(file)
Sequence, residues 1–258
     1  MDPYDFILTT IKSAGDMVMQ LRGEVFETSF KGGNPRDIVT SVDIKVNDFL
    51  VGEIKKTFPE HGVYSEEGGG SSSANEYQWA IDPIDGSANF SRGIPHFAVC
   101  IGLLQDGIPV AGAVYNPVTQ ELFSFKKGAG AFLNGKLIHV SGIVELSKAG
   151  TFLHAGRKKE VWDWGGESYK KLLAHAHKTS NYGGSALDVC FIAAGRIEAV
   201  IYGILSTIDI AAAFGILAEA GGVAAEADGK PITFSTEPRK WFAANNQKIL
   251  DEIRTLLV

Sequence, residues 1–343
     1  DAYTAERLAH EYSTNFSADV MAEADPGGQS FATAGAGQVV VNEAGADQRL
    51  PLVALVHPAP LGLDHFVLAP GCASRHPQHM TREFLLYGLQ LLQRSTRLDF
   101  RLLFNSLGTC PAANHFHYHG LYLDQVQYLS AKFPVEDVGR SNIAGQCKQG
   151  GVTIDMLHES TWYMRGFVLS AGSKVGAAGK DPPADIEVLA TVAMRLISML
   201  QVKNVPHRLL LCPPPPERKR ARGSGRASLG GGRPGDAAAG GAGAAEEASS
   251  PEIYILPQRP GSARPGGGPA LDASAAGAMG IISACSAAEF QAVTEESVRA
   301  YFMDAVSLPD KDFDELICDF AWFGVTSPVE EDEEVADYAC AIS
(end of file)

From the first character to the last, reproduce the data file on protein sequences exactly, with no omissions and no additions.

Sequence, residues 1–258
     1  MDPYDFILTT IKSAGDMVMQ LRGEVFETSF KGGNPRDIVT SVDIKVNDFL
    51  VGEIKKTFPE HGVYSEEGGG SSSANEYQWA IDPIDGSANF SRGIPHFAVC
   101  IGLLQDGIPV AGAVYNPVTQ ELFSFKKGAG AFLNGKLIHV SGIVELSKAG
   151  TFLHAGRKKE VWDWGGESYK KLLAHAHKTS NYGGSALDVC FIAAGRIEAV
   201  IYGILSTIDI AAAFGILAEA GGVAAEADGK PITFSTEPRK WFAANNQKIL
   251  DEIRTLLV

Sequence, residues 1–343
     1  DAYTAERLAH EYSTNFSADV MAEADPGGQS FATAGAGQVV VNEAGADQRL
    51  PLVALVHPAP LGLDHFVLAP GCASRHPQHM TREFLLYGLQ LLQRSTRLDF
   101  RLLFNSLGTC PAANHFHYHG LYLDQVQYLS AKFPVEDVGR SNIAGQCKQG
   151  GVTIDMLHES TWYMRGFVLS AGSKVGAAGK DPPADIEVLA TVAMRLISML
   201  QVKNVPHRLL LCPPPPERKR ARGSGRASLG GGRPGDAAAG GAGAAEEASS
   251  PEIYILPQRP GSARPGGGPA LDASAAGAMG IISACSAAEF QAVTEESVRA
   301  YFMDAVSLPD KDFDELICDF AWFGVTSPVE EDEEVADYAC AIS